In the past few years, a perceptible linguistic shift has occurred in how the U.S. public talks about the cultural/religious season in which we find ourselves this time of year. The other day when I imported a new CD (a freebee that came in the mail) entitled "Merry Christmas 2008" into my music library, the genre designation automatically appeared as "Holiday." A quick cut-and-paste job reunited the ten songs (seven of which were carols about Christ's nativity) with their cousins in the existing "Christmas" category.
The switch from the specific religious term "Christmas" to the all-encompassing "holidays" may be decried by some Christians as yet another attempt to "leave Christ out of Christmas," adding insult to the injury of the slangy-sounding "X-mas" (which, ironically, originated from Greek and Roman abbreviations for the name of Christ).
But the religious and cultural waters of our day have become so muddied that there is no distinguishing between the purely Christian holiday (a.k.a. holy day) and the secular wintertime celebrations we hold dear. In a misguided attempt to do just that, however, Christians have tended to deny the secular aspects of their celebrations, declaring vociferously that "Jesus IS the reason for the season."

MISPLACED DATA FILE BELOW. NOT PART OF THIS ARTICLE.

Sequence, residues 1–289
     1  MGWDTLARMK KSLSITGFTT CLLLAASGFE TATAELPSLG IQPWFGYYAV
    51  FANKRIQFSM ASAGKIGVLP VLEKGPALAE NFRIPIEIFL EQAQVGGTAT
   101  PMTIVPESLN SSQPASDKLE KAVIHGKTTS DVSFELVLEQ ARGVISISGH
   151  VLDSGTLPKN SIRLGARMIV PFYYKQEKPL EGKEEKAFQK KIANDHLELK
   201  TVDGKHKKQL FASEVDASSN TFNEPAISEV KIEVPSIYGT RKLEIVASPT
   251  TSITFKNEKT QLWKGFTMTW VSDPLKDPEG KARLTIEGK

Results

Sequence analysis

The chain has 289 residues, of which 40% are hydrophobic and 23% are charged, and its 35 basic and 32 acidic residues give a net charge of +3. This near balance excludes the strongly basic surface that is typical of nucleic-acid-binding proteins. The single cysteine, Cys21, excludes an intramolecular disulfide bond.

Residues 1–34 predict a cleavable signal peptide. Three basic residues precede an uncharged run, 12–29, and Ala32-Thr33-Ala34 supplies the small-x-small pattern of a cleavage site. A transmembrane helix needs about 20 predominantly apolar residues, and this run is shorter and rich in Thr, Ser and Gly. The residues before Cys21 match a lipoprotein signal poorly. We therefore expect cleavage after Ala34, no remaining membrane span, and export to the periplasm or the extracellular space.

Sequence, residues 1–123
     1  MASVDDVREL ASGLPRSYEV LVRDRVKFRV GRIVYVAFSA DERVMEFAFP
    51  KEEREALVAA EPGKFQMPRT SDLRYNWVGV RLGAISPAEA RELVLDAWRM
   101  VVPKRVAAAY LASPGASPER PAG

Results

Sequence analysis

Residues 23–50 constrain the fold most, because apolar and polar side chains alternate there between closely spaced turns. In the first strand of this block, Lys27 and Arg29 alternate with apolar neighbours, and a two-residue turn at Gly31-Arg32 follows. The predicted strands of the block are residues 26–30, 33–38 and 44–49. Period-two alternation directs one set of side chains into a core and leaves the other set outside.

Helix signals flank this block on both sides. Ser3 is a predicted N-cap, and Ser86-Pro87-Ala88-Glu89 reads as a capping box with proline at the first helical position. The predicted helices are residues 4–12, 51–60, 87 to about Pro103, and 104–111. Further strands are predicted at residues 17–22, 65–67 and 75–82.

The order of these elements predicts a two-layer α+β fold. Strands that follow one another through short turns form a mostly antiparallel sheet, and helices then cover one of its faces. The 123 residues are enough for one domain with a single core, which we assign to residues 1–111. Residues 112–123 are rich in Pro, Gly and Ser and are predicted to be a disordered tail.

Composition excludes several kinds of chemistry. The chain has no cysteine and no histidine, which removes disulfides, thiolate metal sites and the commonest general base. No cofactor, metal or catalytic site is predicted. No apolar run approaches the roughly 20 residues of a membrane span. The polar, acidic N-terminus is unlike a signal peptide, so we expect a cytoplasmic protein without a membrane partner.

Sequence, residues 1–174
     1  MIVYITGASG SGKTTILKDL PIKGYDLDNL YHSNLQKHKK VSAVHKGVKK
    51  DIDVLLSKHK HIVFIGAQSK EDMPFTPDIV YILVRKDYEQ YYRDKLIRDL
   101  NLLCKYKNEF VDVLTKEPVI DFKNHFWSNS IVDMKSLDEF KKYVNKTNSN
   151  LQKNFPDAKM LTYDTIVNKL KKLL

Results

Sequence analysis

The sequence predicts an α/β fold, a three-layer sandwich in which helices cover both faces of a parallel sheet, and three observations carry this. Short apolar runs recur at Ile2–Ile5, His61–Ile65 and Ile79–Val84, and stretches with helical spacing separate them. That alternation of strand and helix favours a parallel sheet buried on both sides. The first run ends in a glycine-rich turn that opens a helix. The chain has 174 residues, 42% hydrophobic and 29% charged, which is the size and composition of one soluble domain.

But why should we insist on labeling as Christian a celebration that causes "civilized" human beings to literally shoot and trample one another to death in their rush to acquire this year's toys, convinced by the marketing industry that they or someone they love needs them? If Jesus were truly the reason for this kind of season, I would have nothing to do with Christianity.
"The holidays" is a useful term for describing the cluster of secular and religious festivities in December and early January, including Eid al-Adha, Hanukkah, Advent, Christmas, Kwanzaa, New Year, Epiphany, and doubtless others which with I'm less familiar. "The holidays" is also a more accurate label for the subset often referred to as "Christmas"--a blend of sacred and secular traditions that have developed through the centuries: parties and gift giving, travel and reunions, story telling and sentimentalism, feasting and decorating, music making and church-going.
If only we could slice neatly between our secular and sacred practices. Then we could enjoy baking cookies and crafting evergreen wreaths without wondering what this has to do with the birth of Christ.
In the midst of the ethical confusion, it's refreshing for me to focus on an observance that is unique to the church: Advent (at least I don't recall ever receiving junk mail advertising Advent sales). Quite simply, Advent (the four weeks preceding Christmas Day) is an opportunity to listen to the stories surrounding the entrance of Christ into humanity, and to reflect on their significance for our present lives.